Best Clothing for Winter Outdoor Play
Yes, we send our oldest to a Waldorf school. The appeal is that he gets to run around outside on a 30-acre property for much of the day. I just cannot, cannot imagine my boys sitting at a desk for long periods of time (but next year we’re switching to our neighborhood public school, so we’ll see how that goes!). At any rate, because he plays outside at school, even in single-digits temps, we know how to dress him for comfort in cold weather.
Keep reading for tips to dress kids for snow and cold temps…
If the projected high is in no warmer than the low 30s, I start with a base layer when I dress kids for snow and cold temps.
We’ve had a few pairs of long johns for the boys over the last couple years, but many of them shrunk way too quickly and didn’t hold up to multiple washings. This year we decided to just get the good stuff and purchased Patagonia Boys’ Capilene Bottoms. My sons wear size 3 and size 5 toddler boys’ pants, and the XS Capilene bottoms work fine on both of them. (My youngest is a very sturdy 3 year-old, while my oldest is long and lean.)(The bottoms are a little loose, but nothing terrible, and at $35 a pop, I’m wanting them to last another winter.)
I haven’t purchased any special winter tops for them, but we typically have a couple Carters/OskKosh waffle/thermal tops that I use.
Socks are a little tricky…too thick and the boys complain, too thin and I worry about cold feet. Their boots fit fine with normal socks, but I worry that thicker socks could be a comfort/space problem. These SmartWool hikers have served us well.
Up Next…a Mid Layer for Outside Play/an Outer Layer for Indoor Play
If it is projected to be in the low 30s and below, this is the next step to dress kids for snow and cold temps. If it is in the upper 30s, I’ll often skip the base layer and start here. (Although I always put a soft short-sleeved or long-sleeved tee on under the button-up flannels.)
I just choose a pair of sturdy, heavyweight pants. If a boy has on a the Capilene pants, I’ll choose a pair of baggier pants to put over them.
I love flannel plaid shirts over a waffle/thermal top. (Is this left over from the days of Nirvana or Angela / My So Called Life?!) I love the Carters and OshKosh tops, and they’ve held up really well over many, many washings. I always size up…my 4 year-old son (who is long and lean) is wearing size 5 and size 6.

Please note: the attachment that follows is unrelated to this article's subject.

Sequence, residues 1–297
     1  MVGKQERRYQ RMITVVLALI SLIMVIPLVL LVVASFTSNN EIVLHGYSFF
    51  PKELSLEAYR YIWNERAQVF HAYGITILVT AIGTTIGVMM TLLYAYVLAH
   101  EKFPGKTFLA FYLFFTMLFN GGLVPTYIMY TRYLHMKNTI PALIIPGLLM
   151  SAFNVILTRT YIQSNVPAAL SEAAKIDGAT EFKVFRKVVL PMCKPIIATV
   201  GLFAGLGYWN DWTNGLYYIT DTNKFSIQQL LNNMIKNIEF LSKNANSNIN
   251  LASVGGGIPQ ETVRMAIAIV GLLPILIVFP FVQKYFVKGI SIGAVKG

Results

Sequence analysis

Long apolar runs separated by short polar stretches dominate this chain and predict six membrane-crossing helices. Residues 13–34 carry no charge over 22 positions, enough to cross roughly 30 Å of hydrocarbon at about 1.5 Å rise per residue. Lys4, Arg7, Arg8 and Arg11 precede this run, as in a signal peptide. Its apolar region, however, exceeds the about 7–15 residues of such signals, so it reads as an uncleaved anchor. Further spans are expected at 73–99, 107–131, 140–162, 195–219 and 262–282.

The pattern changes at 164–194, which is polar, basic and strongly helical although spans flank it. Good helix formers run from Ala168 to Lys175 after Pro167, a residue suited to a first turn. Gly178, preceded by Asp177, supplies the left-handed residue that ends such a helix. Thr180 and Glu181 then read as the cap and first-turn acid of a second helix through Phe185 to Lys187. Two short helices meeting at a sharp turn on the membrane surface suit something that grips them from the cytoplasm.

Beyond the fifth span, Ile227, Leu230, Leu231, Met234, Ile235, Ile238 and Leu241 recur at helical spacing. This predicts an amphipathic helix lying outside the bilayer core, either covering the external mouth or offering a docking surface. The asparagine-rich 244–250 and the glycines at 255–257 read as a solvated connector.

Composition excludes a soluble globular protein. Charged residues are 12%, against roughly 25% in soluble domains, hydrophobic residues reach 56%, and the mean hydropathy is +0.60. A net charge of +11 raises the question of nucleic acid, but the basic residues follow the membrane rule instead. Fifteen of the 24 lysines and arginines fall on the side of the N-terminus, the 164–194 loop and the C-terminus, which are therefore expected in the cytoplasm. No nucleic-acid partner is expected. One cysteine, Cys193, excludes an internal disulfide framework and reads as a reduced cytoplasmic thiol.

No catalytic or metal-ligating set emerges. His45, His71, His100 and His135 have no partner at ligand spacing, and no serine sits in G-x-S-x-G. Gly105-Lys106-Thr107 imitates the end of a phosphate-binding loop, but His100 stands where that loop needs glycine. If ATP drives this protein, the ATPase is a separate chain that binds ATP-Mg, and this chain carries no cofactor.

If it’s really cold out, I’ll finish off with a fleece before I put on the actual outdoor gear. We have acquired several of them, and my favorite is a soft, heavier-weight Eddie Bauer fleece. (Or, if it’s not brutally cold, sometimes I’ll skip the button-up flannel and just go with the thermal top/fleece combo.)
We’ve purchased several winter coats from Carters or OshKosh outlets over the years. These coats were so stiff and hard, especially on a baby or young toddler, and I never loved them. (If I were to do it again, I would look for a used Patagonia number like this one or this one for a baby/young toddler.)
So when my mom sent a real down coat for my oldest to wear this winter, I was happy. It was so soft and pliable and seemed so comfortable, especially compared to past coats. But it didn’t last. Playing outside all day, climbing on trees, and playing in forts made out of Christmas trees created multiple tears in the surface of the coat, and feathers started to fall out. Even if we duct-taped one hole, a new hole appeared somewhere else. (Final take away: I think a down/puffy coat is great for younger, less active kiddos. But once they are running around and climbing on things…no more until they are older!)